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4.29  ·  Rating details ·  547 ratings  ·  30 reviews
Professor von Mises addressed himself to a particular issue: what is the essential difference between bureaucratic management by government and market management in a system based on private ownership of the means of production? Mises does not discuss bureaus or bureaucrats, but inexorable principles of human action. He does not condemn bureaucracy, which is the appropriat ...more
Paperback, Fourth Edition, 137 pages
Published September 1996 by Libertarian Press, Inc. (first published 1944)
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Patrick Peterson
13 May 2019 - I first read this about 1977, the year I graduated from college. I liked it very much, but thought it was not as good as another book, a collection of his essays/speeches - Planning for Freedom. I have read it at least once since then and have kept the same opinion.

However, a learned friend's recent short review makes me want to read it again, which I will try to do soon.

Here are my thoughts from today that I posted under my friend's review:
"Need to read it again. But I love the s
Pedro Jorge
Jul 25, 2016 rated it it was amazing
This is just great. A masterpiece for mass consumption. Mises's address to all his fellow men.

Despite having been published some 70 years ago, it will probably remain relevant for many years to come (unfortunately).

It does not delve into the mechanics of inflation and the business cycle that could turn some people off. It just explains how the market process works, how the bureaucratic process works and what are the implications of neglecting a causal relationship between the economic organizati
Aug 13, 2013 rated it it was amazing
This book is jam packed with great insights on the inherent failure of bureaucracy. Basically, since money is taken by coercion from the taxa payers, there is no sense of knowing whether the goods and services provided for by the state are in any way efficient or not. Furthermore, with the absence of the profit motive, the bureaucrat reverts to rigid rules and regulations to guide his/her management. Bureaucracy has no way to award good management and punish bad management, since there is no mar ...more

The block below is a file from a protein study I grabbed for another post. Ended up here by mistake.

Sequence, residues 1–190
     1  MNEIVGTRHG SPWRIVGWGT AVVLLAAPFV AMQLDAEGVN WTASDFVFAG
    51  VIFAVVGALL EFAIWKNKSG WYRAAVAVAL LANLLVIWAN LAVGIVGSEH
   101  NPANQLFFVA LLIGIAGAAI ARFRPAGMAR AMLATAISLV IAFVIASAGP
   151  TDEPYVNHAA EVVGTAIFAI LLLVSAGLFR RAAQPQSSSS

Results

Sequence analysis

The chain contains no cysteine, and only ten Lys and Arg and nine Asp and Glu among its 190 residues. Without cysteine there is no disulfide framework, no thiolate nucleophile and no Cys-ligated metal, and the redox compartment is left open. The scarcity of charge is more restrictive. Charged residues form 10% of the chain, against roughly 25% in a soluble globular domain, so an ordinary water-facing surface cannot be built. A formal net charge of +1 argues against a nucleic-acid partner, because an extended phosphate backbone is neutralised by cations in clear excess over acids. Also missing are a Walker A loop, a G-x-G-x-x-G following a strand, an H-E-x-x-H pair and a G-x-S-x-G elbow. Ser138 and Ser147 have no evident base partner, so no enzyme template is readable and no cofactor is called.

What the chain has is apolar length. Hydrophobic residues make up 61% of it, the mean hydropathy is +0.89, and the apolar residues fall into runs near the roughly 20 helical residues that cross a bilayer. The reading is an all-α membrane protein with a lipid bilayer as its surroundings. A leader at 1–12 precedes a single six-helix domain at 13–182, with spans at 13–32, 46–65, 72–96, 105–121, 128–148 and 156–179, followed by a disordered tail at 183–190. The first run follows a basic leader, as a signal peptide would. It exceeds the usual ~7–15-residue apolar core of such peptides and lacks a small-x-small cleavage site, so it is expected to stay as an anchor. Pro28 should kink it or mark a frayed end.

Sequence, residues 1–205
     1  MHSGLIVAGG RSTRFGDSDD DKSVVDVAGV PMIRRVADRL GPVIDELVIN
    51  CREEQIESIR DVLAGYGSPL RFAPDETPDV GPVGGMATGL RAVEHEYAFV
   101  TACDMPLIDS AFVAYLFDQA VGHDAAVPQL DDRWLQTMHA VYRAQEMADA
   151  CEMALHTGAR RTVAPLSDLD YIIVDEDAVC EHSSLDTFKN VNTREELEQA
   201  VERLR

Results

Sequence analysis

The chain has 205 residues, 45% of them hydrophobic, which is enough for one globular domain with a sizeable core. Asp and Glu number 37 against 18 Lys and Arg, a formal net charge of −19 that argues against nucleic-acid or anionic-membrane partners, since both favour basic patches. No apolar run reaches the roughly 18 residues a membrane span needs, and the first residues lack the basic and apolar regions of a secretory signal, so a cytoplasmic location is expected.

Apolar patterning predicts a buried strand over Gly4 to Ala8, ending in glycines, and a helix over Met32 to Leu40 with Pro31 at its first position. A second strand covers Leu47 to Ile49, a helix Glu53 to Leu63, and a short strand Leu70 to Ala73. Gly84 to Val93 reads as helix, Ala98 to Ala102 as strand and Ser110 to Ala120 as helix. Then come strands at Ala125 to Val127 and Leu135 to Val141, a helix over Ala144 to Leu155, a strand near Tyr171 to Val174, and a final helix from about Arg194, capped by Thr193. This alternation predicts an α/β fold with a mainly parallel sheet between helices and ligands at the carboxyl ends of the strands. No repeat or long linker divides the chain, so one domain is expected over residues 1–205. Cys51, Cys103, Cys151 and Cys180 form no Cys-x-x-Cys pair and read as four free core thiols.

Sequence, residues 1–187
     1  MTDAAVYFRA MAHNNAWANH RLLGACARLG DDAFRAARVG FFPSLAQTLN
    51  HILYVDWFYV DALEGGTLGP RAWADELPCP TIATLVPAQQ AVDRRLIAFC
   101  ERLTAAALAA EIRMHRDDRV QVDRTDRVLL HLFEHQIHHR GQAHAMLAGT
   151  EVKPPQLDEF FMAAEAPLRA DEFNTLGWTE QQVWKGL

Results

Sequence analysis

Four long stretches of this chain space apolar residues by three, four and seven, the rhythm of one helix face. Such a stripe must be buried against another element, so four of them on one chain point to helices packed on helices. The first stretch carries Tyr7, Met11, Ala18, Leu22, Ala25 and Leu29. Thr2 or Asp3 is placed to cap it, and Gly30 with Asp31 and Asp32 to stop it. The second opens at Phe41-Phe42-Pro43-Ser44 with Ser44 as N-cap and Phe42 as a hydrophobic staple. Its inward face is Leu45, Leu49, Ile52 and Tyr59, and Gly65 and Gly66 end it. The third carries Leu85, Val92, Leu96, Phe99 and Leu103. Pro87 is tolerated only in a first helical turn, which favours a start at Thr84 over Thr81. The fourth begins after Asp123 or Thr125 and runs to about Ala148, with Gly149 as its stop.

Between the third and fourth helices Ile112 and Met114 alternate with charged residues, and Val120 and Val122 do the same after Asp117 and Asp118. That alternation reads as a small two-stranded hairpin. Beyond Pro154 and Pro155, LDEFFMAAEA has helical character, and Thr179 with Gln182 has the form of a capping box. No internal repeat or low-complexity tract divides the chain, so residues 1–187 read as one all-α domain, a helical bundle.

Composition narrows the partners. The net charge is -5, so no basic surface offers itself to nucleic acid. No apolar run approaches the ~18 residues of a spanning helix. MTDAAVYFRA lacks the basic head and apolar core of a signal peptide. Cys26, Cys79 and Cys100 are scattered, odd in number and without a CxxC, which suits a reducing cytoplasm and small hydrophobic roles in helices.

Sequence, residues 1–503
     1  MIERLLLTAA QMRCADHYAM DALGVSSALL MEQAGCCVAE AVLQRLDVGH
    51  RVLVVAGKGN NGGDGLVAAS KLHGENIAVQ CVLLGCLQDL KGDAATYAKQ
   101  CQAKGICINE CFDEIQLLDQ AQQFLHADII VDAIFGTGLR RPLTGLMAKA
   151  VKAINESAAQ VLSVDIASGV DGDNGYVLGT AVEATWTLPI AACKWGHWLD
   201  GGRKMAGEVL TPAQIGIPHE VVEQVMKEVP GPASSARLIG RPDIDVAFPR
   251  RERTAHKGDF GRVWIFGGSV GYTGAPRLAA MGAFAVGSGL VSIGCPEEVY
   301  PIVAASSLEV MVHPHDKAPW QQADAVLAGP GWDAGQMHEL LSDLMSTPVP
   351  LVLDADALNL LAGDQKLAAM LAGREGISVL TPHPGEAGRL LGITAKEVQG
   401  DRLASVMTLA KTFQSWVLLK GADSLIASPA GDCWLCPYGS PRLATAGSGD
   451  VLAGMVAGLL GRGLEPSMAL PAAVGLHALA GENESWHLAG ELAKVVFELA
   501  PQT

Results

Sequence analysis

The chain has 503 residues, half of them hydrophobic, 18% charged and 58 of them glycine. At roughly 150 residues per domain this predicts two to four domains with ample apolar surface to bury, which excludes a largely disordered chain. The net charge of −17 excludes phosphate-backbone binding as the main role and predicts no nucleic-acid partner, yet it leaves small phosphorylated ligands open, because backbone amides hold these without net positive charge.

Nov 09, 2012 rated it really liked it
Shelves: economics, favorites
The Bureaucracy analyzes and compares the structural organization in the functionality of private enterprise to bureaucratic agencies and public enterprise. The main objective of business administration is to make profit in the most efficient manner in serving the demands of the consumer. On the other hand, the main objective of public administration cannot be simply measured in terms of monetary value, so the marketplace has no ability to set any prices and achievement. It is impossible to know ...more
May 12, 2020 rated it it was amazing
This is a good short book on some of the problems with our bureaucratic system. TLDR: it's socialistic
Parasuram Venkatesh
The conception of bureaucracy as economic organisation in the absence of the profit motive is one of the cleanest, clearest conceptions I have come across. It would be interesting to apply this conception to the modern university system, charities, and non profit organisations. What Mises does in this book is fascinating; instead of merely decrying the phenomenon of bureaucracy, he elevates the discussion to the description and analysis of its causes and effects in a scientific, value-free manne ...more
Aug 16, 2013 rated it really liked it
Shelves: nonfiction
3.5 out of 5, but I decided to be nice and round up to 4/5.

Firstly, I will say that it was a good treatment on bureaucracy and, more specifically, planned economy vs free markets. Mises is a good writer and makes persuasive arguments. However, that doesn't necessarily mean that his arguments are extremely in-depth. Given that this book is so short, I'm willing to let his brevity on some issues slide, but I will need to read more of his work in the future to understand his views on fascism and so
James Voorhees